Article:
So why does SCGI have a different view of the future? Most forecasts are primarily focused on past trends in energy utilization whereas SCGI is engaged in present negotiations about tomorrow’s projects. Consequently, “renewable energy” is forecast to grow because of its past growth, despite the fact that the preponderance of current research shows it will not be sufficient to curtail climate change. presMsg2018 image 2Graph from Science Magazine The view at SCGI reflects our unique role and attributes. We are actively working with engineers, industrialists, and politicians behind the scenes. We are able to facilitate projects because of our broad technical knowledge, constructive relationships, and independence from corporations, governments, and membership-driven NGOs. We believe that we have a more complete view of the present and future opportunities. It is clear to us that a) nuclear energy is essential to limit global warming; b) existing reactors should be supported to remain operational during their useful lifetimes; c) rapid expansion is possible using advanced nuclear power systems; d) several entities are passionate and able to pursue these goals.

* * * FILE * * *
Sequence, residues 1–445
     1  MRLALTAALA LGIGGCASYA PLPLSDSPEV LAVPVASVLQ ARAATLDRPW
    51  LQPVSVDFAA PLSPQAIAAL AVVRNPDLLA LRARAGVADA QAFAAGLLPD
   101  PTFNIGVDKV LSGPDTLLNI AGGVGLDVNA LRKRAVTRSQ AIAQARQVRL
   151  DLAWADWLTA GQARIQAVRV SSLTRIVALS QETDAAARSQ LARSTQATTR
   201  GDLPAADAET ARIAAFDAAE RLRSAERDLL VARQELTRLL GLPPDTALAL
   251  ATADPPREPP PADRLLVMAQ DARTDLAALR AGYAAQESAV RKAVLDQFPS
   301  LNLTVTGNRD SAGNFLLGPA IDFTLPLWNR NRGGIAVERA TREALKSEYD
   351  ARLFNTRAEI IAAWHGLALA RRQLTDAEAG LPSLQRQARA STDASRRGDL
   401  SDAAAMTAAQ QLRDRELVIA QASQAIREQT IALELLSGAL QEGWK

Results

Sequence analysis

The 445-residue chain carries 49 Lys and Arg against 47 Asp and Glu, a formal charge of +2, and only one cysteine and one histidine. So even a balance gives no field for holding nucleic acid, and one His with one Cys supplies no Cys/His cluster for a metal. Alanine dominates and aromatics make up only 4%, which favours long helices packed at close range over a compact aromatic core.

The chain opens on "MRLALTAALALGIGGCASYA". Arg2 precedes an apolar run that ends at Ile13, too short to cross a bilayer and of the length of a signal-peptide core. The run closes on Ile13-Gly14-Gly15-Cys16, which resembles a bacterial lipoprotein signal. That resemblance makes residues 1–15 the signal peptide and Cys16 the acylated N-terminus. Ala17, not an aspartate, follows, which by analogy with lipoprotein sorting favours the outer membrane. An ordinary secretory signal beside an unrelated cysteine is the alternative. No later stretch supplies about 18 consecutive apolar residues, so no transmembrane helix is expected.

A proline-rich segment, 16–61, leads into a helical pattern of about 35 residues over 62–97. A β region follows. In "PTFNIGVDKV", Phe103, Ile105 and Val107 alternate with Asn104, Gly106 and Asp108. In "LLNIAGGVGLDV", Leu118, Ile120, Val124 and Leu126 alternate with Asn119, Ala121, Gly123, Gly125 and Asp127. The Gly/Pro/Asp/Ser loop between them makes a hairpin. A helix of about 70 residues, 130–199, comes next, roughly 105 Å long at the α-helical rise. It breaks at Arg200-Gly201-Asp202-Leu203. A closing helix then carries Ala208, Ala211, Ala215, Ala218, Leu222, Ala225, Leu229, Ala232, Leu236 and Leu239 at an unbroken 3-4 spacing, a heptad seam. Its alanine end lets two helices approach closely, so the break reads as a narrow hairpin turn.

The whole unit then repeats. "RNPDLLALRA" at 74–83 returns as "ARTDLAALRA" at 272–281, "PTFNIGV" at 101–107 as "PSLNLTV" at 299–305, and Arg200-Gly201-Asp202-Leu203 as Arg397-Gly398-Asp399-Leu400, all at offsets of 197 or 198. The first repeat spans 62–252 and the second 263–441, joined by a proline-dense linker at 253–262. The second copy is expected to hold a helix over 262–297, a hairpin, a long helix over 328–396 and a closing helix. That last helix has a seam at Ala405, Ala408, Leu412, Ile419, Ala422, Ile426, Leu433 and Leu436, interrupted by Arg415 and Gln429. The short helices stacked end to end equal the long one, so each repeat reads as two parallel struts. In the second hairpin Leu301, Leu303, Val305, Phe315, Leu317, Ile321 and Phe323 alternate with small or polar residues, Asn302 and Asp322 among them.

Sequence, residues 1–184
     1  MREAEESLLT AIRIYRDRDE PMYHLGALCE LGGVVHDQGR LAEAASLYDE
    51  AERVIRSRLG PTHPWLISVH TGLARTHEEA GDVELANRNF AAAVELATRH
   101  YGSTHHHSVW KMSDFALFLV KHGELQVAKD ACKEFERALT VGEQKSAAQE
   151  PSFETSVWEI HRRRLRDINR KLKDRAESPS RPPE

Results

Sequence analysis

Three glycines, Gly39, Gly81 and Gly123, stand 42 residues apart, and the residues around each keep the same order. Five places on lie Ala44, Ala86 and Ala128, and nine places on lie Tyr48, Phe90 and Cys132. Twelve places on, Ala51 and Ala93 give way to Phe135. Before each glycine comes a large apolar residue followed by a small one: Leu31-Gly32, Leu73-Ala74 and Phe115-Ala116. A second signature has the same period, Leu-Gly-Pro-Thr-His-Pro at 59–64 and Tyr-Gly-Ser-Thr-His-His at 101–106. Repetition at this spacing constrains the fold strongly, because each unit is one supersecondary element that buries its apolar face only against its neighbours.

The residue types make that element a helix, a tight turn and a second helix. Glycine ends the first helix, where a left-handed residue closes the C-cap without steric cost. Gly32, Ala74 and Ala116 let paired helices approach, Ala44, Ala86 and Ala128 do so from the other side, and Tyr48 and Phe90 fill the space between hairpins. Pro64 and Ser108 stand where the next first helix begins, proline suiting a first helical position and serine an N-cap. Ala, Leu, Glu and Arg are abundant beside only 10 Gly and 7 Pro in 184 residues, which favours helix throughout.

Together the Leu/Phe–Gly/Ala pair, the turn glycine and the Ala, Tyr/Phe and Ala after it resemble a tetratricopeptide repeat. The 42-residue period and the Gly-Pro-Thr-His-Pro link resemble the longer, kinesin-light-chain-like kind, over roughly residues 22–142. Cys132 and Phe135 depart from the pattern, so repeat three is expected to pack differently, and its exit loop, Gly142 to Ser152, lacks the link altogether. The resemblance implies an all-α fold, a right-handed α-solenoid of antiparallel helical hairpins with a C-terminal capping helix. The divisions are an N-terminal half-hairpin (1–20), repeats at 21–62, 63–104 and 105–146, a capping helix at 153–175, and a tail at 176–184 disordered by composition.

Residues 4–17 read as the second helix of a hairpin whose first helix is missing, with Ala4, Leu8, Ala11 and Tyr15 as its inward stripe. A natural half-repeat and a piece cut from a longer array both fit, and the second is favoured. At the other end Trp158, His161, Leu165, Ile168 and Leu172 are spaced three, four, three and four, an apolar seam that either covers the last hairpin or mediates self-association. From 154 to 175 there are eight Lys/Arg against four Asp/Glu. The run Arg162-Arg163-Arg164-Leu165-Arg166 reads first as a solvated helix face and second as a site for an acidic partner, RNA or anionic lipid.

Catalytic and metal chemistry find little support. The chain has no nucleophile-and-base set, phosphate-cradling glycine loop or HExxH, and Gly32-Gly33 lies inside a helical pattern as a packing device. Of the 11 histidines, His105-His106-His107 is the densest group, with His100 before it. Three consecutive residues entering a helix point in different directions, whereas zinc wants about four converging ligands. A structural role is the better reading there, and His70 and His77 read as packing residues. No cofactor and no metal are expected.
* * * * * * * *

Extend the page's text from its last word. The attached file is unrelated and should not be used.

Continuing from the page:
During the past several weeks, we have seen a variety of public developments that support our views. Two major environmental organizations have announced their support for nuclear energy. The Nature Conservancy promoted its importance in their far-reaching and careful analysis, The Science of Sustainability, published on October 15, 2018. The Union of Concerned Scientists—long opposed to nuclear power—has explained its change of perspective in a lengthy review,The Nuclear Power Dilemma, published in November 2018. These represent difficult and profound decisions for organizations that derive substantial support from members, some of whom are still undoubtedly opposed to nuclear power. These two organizations have demonstrated that it is increasingly difficult to claim to be fighting climate change and not endorse the most reliable source of clean energy. The US government has also revealed new support for nuclear power. The Department of Energy just announced that GE-Hitachi will build a fast reactor (based on the IFR design SCGI has championed since 2009) for testing purposes by 2026 at Idaho National Laboratory. None of these developments, individually or collectively, is sufficient but they are definitely signs of progress.